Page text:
From my earliest memories, I have had leg aches. They come on fairly suddenly for no apparent reason. It wasn’t until my 20’s when I figured out they related to the weather and changes in barometric pressure. I know, it sounds like folk-magic. But it’s true . As I was growing up, my parents would wrap my knees in stretch bandages and rub my legs with witch hazel. One thing they never did was offer me a pill for my pain. Never. In the pre-1980’s world, pain was part of life and mostly bearable.
My how things have changed. America–with 5% of the world’s population–went from consuming less than 5% of the world’s prescription opioids in the 1960’s to now consuming some of the highest percentages of prescription opioids such as oxycodone, morphine, fentanyl, etc.
In 2015, John Temple, an investigative journalist and journalism professor, wrote American Pain. It was one of three key books released that year in response to our opioid epidemic, the other two being Dreamland and The Big Fix. The title is taken from the “king” of the Florida pill mills, American Pain, a mega-clinic expressly created to serve addicts posing as patients. From a fortress-like former bank building with security guards, American Pain’s five doctors distributed massive quantities of oxycodone to hundreds of customers a day, mostly traffickers and those addicted, who came by the van load. Former strippers operated the pharmacy, counting out pills and stashing cash in garbage bags. Under their lab coats, the doctors carried guns.
American Pain was the brainchild of Chris George, a 27-yr-old convicted drug felon. He grew up in ultra-rich Wellington where millionaires and luminaries have homes. He and his twin brother hung out with mobsters, invested in strip clubs, brawled with cops, and grinned for their mug shots. A local doctor clued the brothers into the burgeoning underground market for lightly regulated prescription painkillers. In Florida, pain clinics could dispense the meds, and no one tracked the patients. Seizing the opportunity, Chris George teamed up with the doctor and word got out. Just two years later Chris had raked in $40 million and 90 percent of the pills his doctors prescribed flowed north to feed the rest of the country’s insatiable narcotics addiction. Meanwhile, hundreds more pain clinics in the mold of American Pain had popped up in the Sunshine State, creating a gigantic new drug industry. An industry that Purdue Pharma was more than happy to see expanding. (An update on Purdue Pharma, the Sackler family, and the attorney general of Massachusetts lawsuit details):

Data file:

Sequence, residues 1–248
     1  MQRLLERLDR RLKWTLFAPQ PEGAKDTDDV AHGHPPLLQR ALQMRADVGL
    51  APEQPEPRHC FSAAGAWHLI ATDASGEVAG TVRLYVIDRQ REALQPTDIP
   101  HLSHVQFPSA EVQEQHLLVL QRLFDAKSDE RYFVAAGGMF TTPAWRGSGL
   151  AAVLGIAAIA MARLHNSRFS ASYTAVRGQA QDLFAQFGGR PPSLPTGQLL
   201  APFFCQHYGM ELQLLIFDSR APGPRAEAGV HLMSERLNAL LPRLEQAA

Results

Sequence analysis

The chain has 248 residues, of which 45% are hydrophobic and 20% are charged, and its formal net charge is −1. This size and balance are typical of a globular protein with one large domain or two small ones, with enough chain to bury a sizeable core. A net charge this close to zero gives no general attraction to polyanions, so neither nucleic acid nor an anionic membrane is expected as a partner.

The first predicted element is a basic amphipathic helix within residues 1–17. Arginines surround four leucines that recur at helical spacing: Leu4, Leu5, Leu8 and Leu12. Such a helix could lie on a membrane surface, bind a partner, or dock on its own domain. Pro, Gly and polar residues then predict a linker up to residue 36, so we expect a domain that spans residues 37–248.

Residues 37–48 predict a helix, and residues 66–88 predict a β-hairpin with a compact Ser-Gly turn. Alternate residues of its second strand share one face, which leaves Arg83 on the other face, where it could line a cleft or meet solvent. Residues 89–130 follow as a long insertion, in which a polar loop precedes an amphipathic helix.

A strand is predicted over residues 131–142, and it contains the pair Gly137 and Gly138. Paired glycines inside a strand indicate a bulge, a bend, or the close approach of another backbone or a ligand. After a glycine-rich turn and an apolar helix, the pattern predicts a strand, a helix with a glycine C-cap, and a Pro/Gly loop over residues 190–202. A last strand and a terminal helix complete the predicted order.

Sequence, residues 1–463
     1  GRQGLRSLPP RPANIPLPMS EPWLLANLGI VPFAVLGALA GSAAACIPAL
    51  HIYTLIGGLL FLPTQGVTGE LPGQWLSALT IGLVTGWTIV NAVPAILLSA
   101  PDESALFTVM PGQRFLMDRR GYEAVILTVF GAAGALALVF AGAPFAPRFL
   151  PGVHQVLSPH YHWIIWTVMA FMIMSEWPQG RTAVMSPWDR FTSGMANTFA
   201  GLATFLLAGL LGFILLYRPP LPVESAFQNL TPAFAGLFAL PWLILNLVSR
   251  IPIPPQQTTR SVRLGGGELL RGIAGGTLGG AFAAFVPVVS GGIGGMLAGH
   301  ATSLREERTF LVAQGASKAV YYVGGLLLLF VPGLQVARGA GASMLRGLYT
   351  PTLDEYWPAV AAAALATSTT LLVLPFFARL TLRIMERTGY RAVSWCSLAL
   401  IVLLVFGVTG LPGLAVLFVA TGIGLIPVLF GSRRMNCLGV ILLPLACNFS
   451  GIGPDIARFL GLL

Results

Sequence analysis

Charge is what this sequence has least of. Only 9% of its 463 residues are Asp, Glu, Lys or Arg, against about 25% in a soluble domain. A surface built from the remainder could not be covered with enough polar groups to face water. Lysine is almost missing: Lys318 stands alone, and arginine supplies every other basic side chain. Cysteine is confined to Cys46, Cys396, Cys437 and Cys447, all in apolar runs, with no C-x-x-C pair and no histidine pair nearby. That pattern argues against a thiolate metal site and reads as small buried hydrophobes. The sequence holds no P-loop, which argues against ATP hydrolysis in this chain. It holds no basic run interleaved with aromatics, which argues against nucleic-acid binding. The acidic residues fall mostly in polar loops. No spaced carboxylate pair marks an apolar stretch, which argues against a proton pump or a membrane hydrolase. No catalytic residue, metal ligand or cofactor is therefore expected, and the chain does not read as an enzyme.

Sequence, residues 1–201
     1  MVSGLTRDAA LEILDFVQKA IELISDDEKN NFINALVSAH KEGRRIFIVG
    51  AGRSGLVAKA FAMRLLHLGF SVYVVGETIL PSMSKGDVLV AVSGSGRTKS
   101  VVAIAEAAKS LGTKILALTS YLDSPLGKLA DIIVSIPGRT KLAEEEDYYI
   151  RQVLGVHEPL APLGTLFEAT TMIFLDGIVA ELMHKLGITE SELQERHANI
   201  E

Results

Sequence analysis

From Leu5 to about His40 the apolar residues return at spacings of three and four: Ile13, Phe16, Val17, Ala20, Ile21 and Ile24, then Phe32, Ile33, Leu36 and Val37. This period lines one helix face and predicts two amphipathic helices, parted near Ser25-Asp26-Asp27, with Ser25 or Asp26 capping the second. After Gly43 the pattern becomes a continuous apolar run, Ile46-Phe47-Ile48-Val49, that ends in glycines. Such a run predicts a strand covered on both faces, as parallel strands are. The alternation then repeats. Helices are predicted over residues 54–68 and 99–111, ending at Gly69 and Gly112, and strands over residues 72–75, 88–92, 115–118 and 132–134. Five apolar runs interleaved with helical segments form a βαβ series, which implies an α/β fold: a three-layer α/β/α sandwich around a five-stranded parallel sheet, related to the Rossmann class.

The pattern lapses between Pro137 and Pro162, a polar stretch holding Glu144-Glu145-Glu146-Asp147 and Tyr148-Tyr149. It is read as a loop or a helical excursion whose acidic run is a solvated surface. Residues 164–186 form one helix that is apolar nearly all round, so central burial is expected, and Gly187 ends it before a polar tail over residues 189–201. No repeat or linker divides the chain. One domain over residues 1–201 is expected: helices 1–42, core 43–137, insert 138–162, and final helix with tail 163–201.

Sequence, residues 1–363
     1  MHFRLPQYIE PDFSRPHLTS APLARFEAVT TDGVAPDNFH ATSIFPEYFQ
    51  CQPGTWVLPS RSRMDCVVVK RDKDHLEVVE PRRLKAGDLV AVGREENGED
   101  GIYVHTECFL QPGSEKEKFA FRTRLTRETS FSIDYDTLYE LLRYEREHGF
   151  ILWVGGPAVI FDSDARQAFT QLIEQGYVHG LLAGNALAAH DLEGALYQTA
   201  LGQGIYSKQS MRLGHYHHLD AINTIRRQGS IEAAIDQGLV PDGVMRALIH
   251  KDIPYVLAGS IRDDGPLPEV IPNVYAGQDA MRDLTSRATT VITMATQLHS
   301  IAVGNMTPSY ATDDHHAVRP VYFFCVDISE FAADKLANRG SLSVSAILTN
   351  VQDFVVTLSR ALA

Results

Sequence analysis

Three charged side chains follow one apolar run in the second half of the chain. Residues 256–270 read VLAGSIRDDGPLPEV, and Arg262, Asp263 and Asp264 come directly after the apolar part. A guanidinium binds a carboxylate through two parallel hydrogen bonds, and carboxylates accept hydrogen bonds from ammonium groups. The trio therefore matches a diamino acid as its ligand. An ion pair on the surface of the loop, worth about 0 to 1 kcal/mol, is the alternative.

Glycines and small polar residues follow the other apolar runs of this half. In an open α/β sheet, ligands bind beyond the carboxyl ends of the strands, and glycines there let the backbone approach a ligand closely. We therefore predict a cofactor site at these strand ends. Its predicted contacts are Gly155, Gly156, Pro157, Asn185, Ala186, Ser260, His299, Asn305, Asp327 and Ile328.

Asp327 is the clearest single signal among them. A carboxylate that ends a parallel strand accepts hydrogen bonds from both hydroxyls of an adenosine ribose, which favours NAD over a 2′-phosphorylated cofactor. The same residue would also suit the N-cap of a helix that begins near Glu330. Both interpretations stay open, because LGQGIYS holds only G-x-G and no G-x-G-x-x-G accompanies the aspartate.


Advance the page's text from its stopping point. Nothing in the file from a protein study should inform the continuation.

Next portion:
Publishers Weekly says: “This exhilarating blow-by-blow account details how brothers Chris and Jeff George and their sidekick, Derik Nolan, steroids-fueled collaborators with no prior medical experience, exploited Florida’s lax prescription drug laws to operate the largest pain clinic in the United States, from 2008 until a raid brought it all crashing down in 2010.”
Library Journal says: “Temple has written a propulsive prequel of sorts to Sam Quinones’s Dreamland: The True Tale of America’s Opiate Epidemic, which takes a macro look at how Mexican heroin has supplanted prescription painkillers as the opiate of choice.”
I encourage everyone to read these books and be informed. If you don’t have any family or friends dealing with the daily trauma of addiction and its consequences, you may someday have children or grandchildren who are. Prevention is the best way to ensure that you won’t be grieving the loss of someone you love from death by overdose.
AMERICAN PAIN: John Temple website
DREAMLAND: Sam Quinones website
THE BIG FIX: NPR Interview of Tracey